Stories of life on our farm in Northwest Georgia where every day is an adventure in this beautiful spot that God has entrusted to our stewardship.

Sunday, February 28, 2010

A Dam Good Weekend!

This adventure actually happened at Leahaven, our Alabama get-away farm, but it belongs here.  Any resemblence to Zephyr Hill characters is purely intentional.  Names have not been changed to protect the guilty!
We arrived at Leahaven Friday afternoon, unloaded the car, and headed out for a walk.  As we got to the stock pond, we were astounded to see it so full that it was encroaching on the road, seeping into the tire ruts.  "I wonder if something is blocking the outflow," Herb said.

Sure enough, it was!  Dam!  We have beavers!  I was dam delighted; Herb much less so!  He's dam unhappy about the water soaking the road (which is actually on the dam that holds the pond), making it soft and vulnerable to damage from the weight of the tractor going over it.

Have you ever drawn a beaver dam when you were a kid?  You drew a bunch of sticks, right?  Well, I was astonished to see that there was actually more mud and debris than there were tree branches and trunks.  Those that are there seem to be placed more as buttresses, sticking down into the ground below the dam, than serving as the actual fabric of the dam.   Up close you can actually see the teeth marks that stripped the bark from them!  I went online last night and learned a lot about beavers.  The dam actually holds back the pond to make it deep enough for them to build a lodge somewhere in the pond, and that is where they actually live.  They have at least two underwater chambers--one for drying off, and one for living in!  Pretty smart, huh?  Who wants to sleep in a wet bed?!  They store bark in their lodge to eat throughout the winter.  And they mate for life!  There are also some pretty scary videos online of beavers attacking people, so if we ever get to actually see them, I'm definitely using the telephoto lens!

Zephyr immediately realized that she can now walk across the pond!  She proceeded to do so, several times.  Much as I marvel at the beavers' constructions skills, I don't think they planned for a 20 lb. dog to walk on their dam, so of course bits of it came loose and allowed water to wash over it.  I decided it would be fun to see if they would repair it overnight or whether they were hibernating.  Keep reading and then you tell me, do you think beavers hibernate?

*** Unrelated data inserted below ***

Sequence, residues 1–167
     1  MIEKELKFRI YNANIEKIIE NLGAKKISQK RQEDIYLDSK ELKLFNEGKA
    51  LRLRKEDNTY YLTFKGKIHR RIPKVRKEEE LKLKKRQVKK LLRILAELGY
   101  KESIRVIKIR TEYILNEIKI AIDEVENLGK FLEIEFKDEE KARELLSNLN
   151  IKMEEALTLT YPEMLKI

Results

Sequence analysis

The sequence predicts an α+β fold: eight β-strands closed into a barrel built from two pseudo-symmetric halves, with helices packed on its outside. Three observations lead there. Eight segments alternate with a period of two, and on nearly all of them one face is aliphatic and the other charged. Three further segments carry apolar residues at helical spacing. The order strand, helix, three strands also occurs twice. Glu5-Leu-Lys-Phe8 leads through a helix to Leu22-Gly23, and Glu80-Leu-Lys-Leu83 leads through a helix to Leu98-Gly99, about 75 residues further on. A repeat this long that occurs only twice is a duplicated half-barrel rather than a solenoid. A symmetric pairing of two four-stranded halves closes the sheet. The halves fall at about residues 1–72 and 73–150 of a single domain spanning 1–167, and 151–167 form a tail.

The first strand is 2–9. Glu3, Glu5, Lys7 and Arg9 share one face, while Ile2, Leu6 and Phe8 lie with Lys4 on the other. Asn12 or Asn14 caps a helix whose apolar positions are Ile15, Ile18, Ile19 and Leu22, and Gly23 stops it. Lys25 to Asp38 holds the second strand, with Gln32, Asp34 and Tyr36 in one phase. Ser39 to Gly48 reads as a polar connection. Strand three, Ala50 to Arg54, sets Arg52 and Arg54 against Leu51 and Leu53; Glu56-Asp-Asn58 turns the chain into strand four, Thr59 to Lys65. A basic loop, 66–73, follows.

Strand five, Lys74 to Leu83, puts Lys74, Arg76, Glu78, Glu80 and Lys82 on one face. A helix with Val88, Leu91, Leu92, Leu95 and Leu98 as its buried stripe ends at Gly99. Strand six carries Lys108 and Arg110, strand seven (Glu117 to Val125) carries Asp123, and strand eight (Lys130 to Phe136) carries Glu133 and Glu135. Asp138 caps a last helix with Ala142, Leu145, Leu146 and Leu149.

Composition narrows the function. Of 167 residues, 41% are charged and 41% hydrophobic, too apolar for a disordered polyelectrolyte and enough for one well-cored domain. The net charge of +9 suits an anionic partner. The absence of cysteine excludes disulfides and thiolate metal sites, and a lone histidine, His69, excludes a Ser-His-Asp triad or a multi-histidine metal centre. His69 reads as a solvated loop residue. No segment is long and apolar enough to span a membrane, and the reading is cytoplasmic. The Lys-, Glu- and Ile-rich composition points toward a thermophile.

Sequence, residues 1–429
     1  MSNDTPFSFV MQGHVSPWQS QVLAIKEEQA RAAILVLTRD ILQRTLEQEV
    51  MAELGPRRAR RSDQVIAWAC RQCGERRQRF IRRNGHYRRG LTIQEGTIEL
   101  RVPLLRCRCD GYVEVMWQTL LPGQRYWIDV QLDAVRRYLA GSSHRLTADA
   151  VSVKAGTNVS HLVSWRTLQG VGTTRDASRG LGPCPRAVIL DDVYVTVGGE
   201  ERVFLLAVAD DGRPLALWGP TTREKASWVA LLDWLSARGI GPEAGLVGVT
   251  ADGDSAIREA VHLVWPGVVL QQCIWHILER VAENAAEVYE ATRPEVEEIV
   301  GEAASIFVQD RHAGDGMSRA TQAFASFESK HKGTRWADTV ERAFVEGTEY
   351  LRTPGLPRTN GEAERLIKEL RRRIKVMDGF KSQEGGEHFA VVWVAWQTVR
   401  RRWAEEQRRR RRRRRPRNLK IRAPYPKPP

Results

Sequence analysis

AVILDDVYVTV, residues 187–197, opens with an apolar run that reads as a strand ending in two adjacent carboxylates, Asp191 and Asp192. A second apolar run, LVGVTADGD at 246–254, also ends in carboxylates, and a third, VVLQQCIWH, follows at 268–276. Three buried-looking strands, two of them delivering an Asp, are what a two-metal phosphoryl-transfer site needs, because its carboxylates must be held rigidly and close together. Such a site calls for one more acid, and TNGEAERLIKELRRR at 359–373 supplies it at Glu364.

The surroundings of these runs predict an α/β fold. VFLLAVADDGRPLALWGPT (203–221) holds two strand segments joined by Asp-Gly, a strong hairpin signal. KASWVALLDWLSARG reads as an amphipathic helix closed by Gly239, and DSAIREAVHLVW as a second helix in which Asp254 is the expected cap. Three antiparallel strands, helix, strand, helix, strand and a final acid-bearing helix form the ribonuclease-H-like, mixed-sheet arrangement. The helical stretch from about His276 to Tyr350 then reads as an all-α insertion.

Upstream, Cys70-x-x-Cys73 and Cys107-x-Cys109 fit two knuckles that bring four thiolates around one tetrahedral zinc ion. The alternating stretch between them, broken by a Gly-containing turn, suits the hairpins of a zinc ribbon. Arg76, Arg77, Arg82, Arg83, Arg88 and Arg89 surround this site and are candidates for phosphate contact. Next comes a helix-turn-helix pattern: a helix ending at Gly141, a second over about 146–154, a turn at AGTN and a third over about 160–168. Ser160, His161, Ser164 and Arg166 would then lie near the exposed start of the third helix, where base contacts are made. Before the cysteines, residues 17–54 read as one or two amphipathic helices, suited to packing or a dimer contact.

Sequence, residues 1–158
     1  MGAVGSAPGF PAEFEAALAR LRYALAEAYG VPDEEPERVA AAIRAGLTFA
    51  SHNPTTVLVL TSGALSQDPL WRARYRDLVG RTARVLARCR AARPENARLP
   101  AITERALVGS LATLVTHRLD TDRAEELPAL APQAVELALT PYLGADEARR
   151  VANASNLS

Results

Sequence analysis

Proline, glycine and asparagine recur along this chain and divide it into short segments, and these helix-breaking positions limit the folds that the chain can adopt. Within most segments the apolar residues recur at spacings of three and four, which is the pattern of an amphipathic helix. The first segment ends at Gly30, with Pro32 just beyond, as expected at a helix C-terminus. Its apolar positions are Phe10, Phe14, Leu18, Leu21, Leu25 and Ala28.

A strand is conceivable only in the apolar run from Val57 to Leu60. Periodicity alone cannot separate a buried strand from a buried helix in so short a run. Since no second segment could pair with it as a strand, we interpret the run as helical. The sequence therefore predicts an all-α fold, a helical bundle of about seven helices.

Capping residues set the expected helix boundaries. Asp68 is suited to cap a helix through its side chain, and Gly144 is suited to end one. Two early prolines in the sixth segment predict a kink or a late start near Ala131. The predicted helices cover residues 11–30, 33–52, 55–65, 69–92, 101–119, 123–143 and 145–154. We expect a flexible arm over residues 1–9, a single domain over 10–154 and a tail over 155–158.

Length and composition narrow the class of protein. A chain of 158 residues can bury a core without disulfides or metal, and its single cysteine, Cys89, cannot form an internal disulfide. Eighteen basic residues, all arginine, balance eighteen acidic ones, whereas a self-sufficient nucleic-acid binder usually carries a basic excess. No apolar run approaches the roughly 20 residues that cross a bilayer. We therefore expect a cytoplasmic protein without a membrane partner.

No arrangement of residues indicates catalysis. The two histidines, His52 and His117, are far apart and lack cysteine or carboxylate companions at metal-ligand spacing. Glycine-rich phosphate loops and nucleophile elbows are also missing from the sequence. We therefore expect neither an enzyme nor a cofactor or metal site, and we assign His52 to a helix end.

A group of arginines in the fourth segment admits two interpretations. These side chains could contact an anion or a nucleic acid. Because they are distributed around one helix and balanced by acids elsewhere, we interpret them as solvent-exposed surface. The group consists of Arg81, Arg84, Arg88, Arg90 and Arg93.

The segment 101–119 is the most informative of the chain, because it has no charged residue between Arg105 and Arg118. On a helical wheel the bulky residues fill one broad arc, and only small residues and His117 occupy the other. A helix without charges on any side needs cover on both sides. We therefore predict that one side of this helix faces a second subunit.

On the left is Friday's picture after Zephyr damaged the dam. On the right is the same view on Saturday.  Pretend you're a kid again, reading "Highlight" magazine in the doctor's office:  Can you spot the differences?

I wish I could say that Zephyr left the poor beavers alone after her first exploit, but she is a real home-wrecker!  She did it again, so I guess they didn't get to sleep much last night!  Google told me that they usually work at night.  I guess that's where "busy as a beaver" comes from!  They also dig channels to help them swim back and forth with branches, so I guess that would explain the run-off channel being deeper than it used to be!

The fate of the beavers is still being debated between Herb and me.  Stay tuned to find out who wins!  Will this monogamous couple get to keep their dam, or will it be destroyed?  Hint:  Google is on my side!  Go google "beaver dams" and see why!


  1. PS I just showed this post to Herb and asked, "Could you honestly cause so much strife in the life of this monogamous couple?" And he said, "Yes!" Truly heartless!

  2. I love the post and can't wait to meet my busy beaver relatives!

  3. I'd love to actually see them! Only with my telephoto lens, though, and if you don't know what I mean, go look up "beaver attack" on YouTube!


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